res; #if`(res   else Float(infinity); end if;
end proc:

ans1:=RootFinding:-NextZero(objective,0.0);

62.24001424

X(parameters=[ans1]);
Optimization:-Minimize(err, t=0..2); # if we want to known at what t it attains
plot(err,t=0..2);

[angle = 62.24001424]

[HFloat(3.4608140151503127e-18), [t = HFloat(1.4774685603002573)]]

ans2:=fsolve(objective(A),A,avoid={A=ans1});

35.08802379

X(parameters=[ans2]);
Optimization:-Minimize(err, t=0..2); # if we want to known at what t it attains
plot(err,t=0..2);

[angle = 35.08802379]

[HFloat(1.2438283666257583e-16), [t = HFloat(0.8248851317654872)]]

 

 

Download dsolveroot.mw

 

If my understanding is ok, but the sheet is not clear enough, there are more ways to get at it:

ans:=Optimization:-Minimize( objective(A), method=nonlinearsimplex, initialpoint=[A=70] );
X(parameters=[rhs(ans[2][1])]);
Optimization:-Minimize(err, t=0..2); # if we want to known at what t it attains
ans:=Optimization:-Minimize( objective(A), method=nonlinearsimplex, initialpoint=[A=10] );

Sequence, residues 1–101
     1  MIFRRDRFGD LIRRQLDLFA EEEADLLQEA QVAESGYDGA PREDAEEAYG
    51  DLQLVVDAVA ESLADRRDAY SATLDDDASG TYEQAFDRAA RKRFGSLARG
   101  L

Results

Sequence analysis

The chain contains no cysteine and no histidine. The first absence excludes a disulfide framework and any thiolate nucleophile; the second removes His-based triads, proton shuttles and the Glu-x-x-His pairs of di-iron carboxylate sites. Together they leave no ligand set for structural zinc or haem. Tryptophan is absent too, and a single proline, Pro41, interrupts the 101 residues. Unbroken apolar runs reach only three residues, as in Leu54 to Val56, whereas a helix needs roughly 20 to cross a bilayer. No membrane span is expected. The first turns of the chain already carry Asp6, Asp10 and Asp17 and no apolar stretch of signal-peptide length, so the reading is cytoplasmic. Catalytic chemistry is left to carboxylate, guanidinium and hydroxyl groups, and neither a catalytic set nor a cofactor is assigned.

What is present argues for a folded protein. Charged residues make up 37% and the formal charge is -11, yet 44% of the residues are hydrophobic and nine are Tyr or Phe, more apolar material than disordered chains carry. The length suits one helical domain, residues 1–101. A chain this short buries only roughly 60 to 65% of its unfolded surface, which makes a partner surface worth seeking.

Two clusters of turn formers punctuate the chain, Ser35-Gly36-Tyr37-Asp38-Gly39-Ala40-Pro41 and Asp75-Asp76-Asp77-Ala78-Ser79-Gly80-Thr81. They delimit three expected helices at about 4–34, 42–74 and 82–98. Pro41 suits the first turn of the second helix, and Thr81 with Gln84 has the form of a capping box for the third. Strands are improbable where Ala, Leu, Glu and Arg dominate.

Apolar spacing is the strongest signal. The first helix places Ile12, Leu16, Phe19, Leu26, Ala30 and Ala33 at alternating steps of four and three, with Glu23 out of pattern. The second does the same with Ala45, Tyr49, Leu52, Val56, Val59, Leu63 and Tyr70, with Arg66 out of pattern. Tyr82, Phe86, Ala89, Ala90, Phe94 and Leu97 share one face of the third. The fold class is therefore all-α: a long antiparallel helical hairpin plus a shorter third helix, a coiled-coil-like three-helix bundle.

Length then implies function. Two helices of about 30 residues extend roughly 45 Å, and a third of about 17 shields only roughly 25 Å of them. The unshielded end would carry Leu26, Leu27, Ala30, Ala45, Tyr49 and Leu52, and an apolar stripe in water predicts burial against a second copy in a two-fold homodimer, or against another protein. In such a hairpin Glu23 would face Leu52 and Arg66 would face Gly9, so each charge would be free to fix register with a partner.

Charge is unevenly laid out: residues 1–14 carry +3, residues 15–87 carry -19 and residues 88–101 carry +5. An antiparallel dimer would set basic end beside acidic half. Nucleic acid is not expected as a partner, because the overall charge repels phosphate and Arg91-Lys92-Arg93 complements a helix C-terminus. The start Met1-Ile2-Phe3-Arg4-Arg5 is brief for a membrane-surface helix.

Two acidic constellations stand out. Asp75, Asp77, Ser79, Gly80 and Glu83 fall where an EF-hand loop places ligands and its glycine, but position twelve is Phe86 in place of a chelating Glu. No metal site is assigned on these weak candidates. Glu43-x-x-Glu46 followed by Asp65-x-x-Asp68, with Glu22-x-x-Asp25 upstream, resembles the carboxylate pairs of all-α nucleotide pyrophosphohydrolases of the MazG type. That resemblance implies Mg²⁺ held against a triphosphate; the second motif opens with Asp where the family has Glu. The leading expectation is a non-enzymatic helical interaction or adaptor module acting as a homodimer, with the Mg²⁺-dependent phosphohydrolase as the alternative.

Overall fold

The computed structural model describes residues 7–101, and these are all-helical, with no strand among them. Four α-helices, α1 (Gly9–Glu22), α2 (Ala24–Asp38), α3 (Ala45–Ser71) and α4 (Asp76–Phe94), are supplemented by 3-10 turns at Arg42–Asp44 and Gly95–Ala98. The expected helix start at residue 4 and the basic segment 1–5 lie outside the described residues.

X(parameters=[rhs(ans[2][1])]);
Optimization:-Minimize(err, t=0..2); # if we want to known at what t it attains
#plot(objective, 0..90); # only two answers, but that is intuitively clear from the physics
X(parameters=[ans1]):
P1:=plot([X-5.44,Y-1.66],0..2,color=red):
X(parameters=[ans2]):
P2:=plot([X-5.44,Y-1.66],0..2,color=green):
plots:-display(P1,P2); # want both curves of a given color intercepting x-axis at same t

I'm not at all sure if this is what you want. But if not then it might still give you some usage ideas.

ode.mw

One of the problems in your original could be old fashioned premature evaluation, because this part of the arguments to the second dsolve(...) produces an immediate error (ie. simply by being passed). In essence, you had not set up your y[1] procedure so that it would return unevaluated if called with an argument that was not numeric.

y[1](t-1);
Error, (in y[1]) improper op or subscript selector

What is the purpose of the inner for-loop with index variable `i`? How is this inner loop supposed to affect the computation? Or is the presence of the inner loop a mistake?

You're already using `i` as the summation index. The clash is the cause and meaning of the error message you see.

You should consider using the `add` command, not the `sum` command, for adding up a finite number of terms like that.

if b>a and b>c then a; end if;

Is this what you wanted to get? (You have your own values in diagonal Matrix z, of course.)